24 October 2018

Has your debtor just gone bankrupt? Has he alienated his assets to a foreign company before that? When can you sue the latter in your home country for concealment of assets to avoid an expensive foreign litigation? In its judgment in the Feniks case the Court of Justice of the European Union, answers the above question, which we summarise in our article.

What does concealment of assets mean?

It is common that winning a lawsuit does not mean that you can consider your claim recovered.

It is a common phenomenon that the owners „drain” the indebted companies and it became a catchphrase among entrepreneurs that „on paper, there are no assets under my name”

In legal terminology, contracts and acts done to deprive the basis for satisfying the creditor’s claim by transferring the assets of the debtor to a third person (eg. acquaintances, affiliated legal entity) are referred to as concealment of assets. As a result, the creditor will be unable to enforce his legitimate claim against the debtor.

The claim by which such acts done to the detriment of creditors can be declared ineffective in respect of the creditor, if the debtor knowingly acted to the detriment of the creditor was already known under Roman law, as "Actio pauliana".

Thus, the creditor can enforce the claim against the beneficiary, who acquired the alienated assets as if it was still the debtor's property.

International asset concealment

But what if the debtor transferred his assets to a foreign beneficiary? To which court should the injured creditor file his claim in such cases?

As the main principle, under EU law, a lawsuit must be initiated in the Member State in which the defendant has address or registered seat. It mean that in case the beneficiary of the asset alienation is residing in another Member State, the court of that Member State will be entitled to hear the case.

So, if you see on Facebook that the Portuguese nephew of a construction contractor who owes you millions is posing with the same Ferrari that your debtor drove half a year ago, you could initiate a lawsuit against the nephew for concealment of assets in Portugal.

In certain situations, the legislator considered it necessary that the defendant to be sued not only in the Member State in which he resides but also in the country where the contract was performed.

Keeping the last example, if a Portuguese company builds your house in Hungary, you can sue the company in Hungary, you do not have to travel to Portugal if something is not built according to the plans.

But can you sue the Portuguese nephew in Hungary, to have it established that the “sale” by which he acquired the Ferrari from the Portuguese construction company was a concealment of assets? This question was answered by the Luxembourg court in the Feniks case.

The Feniks case

In the case of the EU Court, the bankrupted main contractor of a construction project in Poland called ‘Colisseum’ attempted to circumvent the investor called ‘Feniks’ by transferring the company’s assets to a Spanish company ‘Azteca’.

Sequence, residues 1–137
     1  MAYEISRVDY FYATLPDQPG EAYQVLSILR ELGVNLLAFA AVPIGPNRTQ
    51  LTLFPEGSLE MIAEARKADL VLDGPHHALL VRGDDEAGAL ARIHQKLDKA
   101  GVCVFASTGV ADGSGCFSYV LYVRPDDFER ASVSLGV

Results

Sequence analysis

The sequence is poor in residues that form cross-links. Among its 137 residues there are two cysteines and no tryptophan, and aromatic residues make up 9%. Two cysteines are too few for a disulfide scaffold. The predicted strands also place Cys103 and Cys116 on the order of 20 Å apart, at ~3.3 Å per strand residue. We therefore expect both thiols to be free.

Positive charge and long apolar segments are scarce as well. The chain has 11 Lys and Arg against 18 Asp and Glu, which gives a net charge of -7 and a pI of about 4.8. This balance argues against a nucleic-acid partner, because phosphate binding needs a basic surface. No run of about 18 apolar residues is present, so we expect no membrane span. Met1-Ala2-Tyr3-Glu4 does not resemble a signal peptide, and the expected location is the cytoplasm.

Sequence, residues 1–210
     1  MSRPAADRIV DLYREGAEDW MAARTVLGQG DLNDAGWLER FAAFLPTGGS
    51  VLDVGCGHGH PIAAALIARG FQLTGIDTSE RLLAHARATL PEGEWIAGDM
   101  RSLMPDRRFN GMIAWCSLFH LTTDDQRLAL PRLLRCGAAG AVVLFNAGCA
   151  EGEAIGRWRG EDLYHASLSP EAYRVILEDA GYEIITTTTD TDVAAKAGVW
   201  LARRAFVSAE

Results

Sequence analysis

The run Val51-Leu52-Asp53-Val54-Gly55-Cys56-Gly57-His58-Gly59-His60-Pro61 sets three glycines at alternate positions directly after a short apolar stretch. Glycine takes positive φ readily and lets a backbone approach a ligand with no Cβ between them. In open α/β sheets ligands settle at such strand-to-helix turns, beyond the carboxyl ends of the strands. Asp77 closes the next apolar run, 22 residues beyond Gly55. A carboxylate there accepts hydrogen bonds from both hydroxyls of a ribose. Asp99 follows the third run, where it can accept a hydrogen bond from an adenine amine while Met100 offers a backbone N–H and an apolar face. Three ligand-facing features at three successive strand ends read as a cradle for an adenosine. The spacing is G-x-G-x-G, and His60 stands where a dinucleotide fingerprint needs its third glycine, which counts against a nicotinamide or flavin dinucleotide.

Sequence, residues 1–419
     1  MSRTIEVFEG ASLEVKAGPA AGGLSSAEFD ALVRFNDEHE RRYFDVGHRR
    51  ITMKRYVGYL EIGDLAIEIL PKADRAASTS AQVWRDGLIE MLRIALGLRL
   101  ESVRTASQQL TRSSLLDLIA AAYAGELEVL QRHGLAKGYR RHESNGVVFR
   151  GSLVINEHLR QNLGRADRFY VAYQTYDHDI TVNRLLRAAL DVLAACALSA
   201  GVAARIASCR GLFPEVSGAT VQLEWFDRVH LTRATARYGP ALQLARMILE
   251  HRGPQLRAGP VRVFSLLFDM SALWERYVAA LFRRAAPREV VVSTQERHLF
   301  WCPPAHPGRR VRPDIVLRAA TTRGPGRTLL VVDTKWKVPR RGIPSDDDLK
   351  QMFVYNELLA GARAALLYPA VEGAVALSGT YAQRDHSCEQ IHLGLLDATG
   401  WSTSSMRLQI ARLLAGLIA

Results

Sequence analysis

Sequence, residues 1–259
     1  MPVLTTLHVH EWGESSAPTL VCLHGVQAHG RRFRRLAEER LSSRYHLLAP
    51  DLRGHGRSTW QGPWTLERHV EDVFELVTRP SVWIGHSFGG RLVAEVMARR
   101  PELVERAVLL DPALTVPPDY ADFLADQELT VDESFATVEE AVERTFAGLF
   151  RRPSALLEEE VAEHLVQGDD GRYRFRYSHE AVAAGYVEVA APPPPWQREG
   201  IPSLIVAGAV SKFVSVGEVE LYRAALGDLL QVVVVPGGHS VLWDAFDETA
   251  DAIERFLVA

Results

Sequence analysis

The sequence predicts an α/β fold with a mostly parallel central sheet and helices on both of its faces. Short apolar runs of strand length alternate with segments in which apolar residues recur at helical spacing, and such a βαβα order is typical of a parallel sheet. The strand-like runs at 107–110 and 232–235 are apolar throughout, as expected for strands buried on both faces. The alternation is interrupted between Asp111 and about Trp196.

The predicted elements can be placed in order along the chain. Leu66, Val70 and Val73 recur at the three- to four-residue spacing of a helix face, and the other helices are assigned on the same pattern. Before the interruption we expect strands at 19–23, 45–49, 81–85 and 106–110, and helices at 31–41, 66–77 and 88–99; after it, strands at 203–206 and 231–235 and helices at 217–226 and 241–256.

It is well illustrated, that the act was done to the detriment of the creditor by the fact that the managing director of the bankrupted Coliseum was also a representative of Azteca's sole owner.

The Polish Feniks wanted to sue the Spanish Azteca in Poland for concealment of assets, based on the fact that the place of performance was in Poland in the construction contract. Azteca disputed the jurisdiction of the Polish courts and argued that the construction contract between Fenkis-Coliseum and the sales contract between Coliseum-Azteca are two separate contracts.

The decision of the Court

The EU court had to rule on the question of whether the place of performance of the contract made to the detriment of the creditor concluded between Coliseum-Azteca was the same as in the construction contract between Feniks and Coliseum?

The court having regard to the principles of legal certainty and predictability and the ancillary nature of the asset alienating transaction, allowed the initiation of a lawsuit in the member state where the underlying relationship -which was injured by the asset alienation transaction- was performed.

Therefore, the Court considered the asset alienating contract between Coliseum and Azteca to fall within the scope of the legal relationship between Feniks and Coliseum, as the former contract aimed to circumvent the obligations arising from the latter relationship.

The EU Court has also underlined that the opposite interpretation would lead to the fact that, in the case of several asset alienations, the injured creditor would have to prosecute several debtors in several EU countries, with no relation with the underlying legal relationship.


The significance of the judgment in Feniks case is that, in the event of international asset concealement within the EU, more favorable rules apply to the injured creditor.

Thus, if the debtor alienates his assets, the creditor may sue the beneficiary of the alienating transaction in the EU Member State where the underlying contract between the creditor and the debtor had to be performed.